The similarities in the two cases highlight the racial biases that plague the criminal justice system.
By Kate Wheeling
Judge Aaron Persky — the same judge who oversaw the Brock Turner rape case — approved of a significantly harsher sentence for Raul Ramirez, a 32-year-old Latino man facing similar charges in Santa Clara County, California, the Guardianreports.
Earlier this month, Persky used his judiciary discretion to sentence Turner to just six months in jail, well below the minimum two years that state law usually requires. Turner was convicted of assault with intent to commit rape of an intoxicated person, sexually penetrating an intoxicated person with a foreign object, and sexually penetrating an unconscious person with a foreign object. But Turner has yet to take responsibility for his crimes, instead blaming Stanford’s party culture. Though Ramirez, whose crime bears some resemblance to Turner’s, has admitted guilt and apologized to his victim, he will serve three years in state prison.
The similar cases highlight the racial biases that plague the criminal-justice system; minorities are routinely convicted at higher rates and serve longer sentences than whites. (Blacks and Hispanics are also more likely than whites to be the victims of violent crime.) It also shows just how far privilege can go in the criminal justice system, because Turner’s case was the outlier of the two.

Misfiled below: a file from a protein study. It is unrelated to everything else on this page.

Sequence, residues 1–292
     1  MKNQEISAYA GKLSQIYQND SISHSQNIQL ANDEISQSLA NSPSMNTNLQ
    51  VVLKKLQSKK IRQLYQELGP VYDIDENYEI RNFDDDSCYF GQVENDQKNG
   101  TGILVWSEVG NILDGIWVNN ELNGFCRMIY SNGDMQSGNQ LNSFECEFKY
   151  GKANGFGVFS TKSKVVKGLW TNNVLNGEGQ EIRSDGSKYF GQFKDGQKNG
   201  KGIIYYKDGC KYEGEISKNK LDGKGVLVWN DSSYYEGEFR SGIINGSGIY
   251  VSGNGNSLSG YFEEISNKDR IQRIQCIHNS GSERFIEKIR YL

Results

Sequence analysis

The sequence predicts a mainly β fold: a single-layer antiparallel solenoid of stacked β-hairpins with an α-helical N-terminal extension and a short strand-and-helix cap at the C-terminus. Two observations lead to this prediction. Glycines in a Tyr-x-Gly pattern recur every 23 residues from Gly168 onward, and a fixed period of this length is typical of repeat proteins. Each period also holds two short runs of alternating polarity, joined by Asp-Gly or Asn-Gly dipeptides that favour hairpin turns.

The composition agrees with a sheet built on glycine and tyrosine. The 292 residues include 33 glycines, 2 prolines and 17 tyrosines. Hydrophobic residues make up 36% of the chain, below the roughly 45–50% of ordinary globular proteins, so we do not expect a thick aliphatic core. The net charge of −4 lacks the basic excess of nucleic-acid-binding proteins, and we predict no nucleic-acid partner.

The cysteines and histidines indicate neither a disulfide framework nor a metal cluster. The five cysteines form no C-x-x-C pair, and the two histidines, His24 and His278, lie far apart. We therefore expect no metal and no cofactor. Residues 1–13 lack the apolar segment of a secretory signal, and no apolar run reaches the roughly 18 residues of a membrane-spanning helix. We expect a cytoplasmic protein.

Turner was technically convicted of sexual assault, rather than rape, under California law. But, as Vox reports:
[W]henever Turner’s crime is reported to the FBI for data collection purposes, it will most likely be reported as a ‘rape,’ which the FBI defines as ‘penetration, no matter how slight, of the vagina or anus with any body part or object, or oral penetration by a sex organ of another person, without the consent of the victim.’
Eighty-six percent of felons convicted of rape in state courts wind up incarcerated, according to a Bureau of Justice Statistics report. The majority of those felons— 72 percent — serve time in state prisons, rather than jails. That’s because the average sentence for rape is significantly longer than Turner’s; the same report showed that, on average, convicted rapists are sentenced to prison terms of up to 11.5 years. Few prisoners serve their maximum-sentence terms, however, and Turner himself will likely only serve three of his six-month sentence behind bars.
Which means, in at least one sense, Turner’s case seems average; a 1995 report from the BJS found that felons convicted of sexual assault and rape only served about half of their sentences.